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    Topco Nutritional Rating System to Launch in Stores Nationwide

    SKOKIE, Ill. -- Topco Associates LLC here said it will unveil a new consumer food scoring system hitting stores in mid-2008, that will equip consumers to make at-a-glance food comparisons on the basis of overall nutritional quality.

    SKOKIE, Ill. -- Topco Associates LLC here said it will unveil a new consumer food scoring system hitting stores in mid-2008, that will equip consumers to make at-a-glance food comparisons on the basis of overall nutritional quality.

    The system, called the Overall Nutritional Quality Index (ONQI), will score food on a scale of 1 to 100, with healthier foods getting higher scores. Topco said the system was developed by a group of top nutrition scientists from throughout North America.

    Supermarket operators in the Topco cooperative, including IGA, Hy-Vee, will use the system on a voluntary basis, Topco said. Initially, the scores will appear on private-label products beginning in the second half of 2008, but the company will also make the scores available to manufacturers who want to use them on their packaging.

    Topco's chairman, Ric Jurgens, who is also chairman, president, and c.e.o. of Hy-Vee, Inc. based in W. Des Moines, Iowa, said, "We intend to bring the ONQI to market in a way that helps consumers make healthy choices about food."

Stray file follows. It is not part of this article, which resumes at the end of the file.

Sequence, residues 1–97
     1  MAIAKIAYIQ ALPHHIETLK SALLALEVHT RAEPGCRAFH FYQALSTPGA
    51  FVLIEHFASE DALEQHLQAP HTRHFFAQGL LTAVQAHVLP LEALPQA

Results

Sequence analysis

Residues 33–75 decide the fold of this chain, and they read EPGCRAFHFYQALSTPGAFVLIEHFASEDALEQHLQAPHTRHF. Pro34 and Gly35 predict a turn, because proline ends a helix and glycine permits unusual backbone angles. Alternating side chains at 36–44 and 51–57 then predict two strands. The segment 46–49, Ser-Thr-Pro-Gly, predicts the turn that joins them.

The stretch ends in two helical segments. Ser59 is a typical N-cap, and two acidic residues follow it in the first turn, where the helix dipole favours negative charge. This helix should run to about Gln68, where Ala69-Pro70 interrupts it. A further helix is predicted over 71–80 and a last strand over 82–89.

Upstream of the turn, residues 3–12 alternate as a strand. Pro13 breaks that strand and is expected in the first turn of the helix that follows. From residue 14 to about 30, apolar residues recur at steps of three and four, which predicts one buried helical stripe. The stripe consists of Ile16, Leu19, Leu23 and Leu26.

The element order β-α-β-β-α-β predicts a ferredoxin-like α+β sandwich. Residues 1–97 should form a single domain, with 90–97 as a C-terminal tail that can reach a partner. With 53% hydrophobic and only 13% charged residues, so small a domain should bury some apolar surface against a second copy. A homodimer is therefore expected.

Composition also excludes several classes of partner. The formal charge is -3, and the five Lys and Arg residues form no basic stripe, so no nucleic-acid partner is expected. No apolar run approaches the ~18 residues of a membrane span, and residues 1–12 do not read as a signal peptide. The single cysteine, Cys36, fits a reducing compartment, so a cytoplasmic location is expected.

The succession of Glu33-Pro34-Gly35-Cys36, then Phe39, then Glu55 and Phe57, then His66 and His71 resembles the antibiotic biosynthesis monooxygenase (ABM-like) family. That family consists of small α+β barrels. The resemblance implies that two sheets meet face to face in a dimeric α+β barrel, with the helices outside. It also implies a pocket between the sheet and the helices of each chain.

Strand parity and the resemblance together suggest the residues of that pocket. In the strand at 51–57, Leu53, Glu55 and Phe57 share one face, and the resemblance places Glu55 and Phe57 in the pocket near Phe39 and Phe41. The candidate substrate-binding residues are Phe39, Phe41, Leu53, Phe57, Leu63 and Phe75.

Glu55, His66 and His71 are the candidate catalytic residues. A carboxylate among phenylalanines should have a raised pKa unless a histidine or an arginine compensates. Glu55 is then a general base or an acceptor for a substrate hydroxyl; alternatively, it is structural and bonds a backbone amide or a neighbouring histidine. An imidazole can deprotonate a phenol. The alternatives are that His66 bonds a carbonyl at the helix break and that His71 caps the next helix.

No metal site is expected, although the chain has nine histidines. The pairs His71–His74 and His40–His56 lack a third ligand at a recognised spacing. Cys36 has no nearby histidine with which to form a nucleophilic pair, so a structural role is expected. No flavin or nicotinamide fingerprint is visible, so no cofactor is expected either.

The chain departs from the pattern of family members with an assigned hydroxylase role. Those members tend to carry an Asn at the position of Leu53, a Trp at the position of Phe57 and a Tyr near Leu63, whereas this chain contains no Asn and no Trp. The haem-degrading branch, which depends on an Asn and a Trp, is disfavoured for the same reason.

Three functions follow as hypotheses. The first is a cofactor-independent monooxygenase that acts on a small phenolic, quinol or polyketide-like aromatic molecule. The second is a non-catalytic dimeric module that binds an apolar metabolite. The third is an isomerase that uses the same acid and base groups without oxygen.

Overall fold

Steve Laurer, president/c.e.o., Topco Associates, said the system, two years in the making, is an "important nutritional tool."

    Dr. David Katz, director of the Yale University/Griffin Hospital Prevention Research Center and lead scientist on the ONQI project, agreed. "A better diet is through one informed choice at a time," said Katz. "The ONQI provides a powerful tool--perhaps the most powerful tool--designed for that very job. The science behind the ONQI is very sophisticated, yet the tool is simple to use."

    Katz led a panel of 12 top health and nutrition experts to develop a science-based system, shielded from any commercial influence, with a goal of developing the best possible evidence-based scoring system for overall nutritional quality.

    Based on complex algorithm that incorporates some 30 nutrient factors, Katz said the program's universality allows it to score products across all food and beverage categories and be applied to any food, meal or diet.

    Scientists will present a review of the science, and the practical applications of the ONQI project at the Yale Griffin Prevention Research Center Scientific Conference on Friday, Nov. 30.

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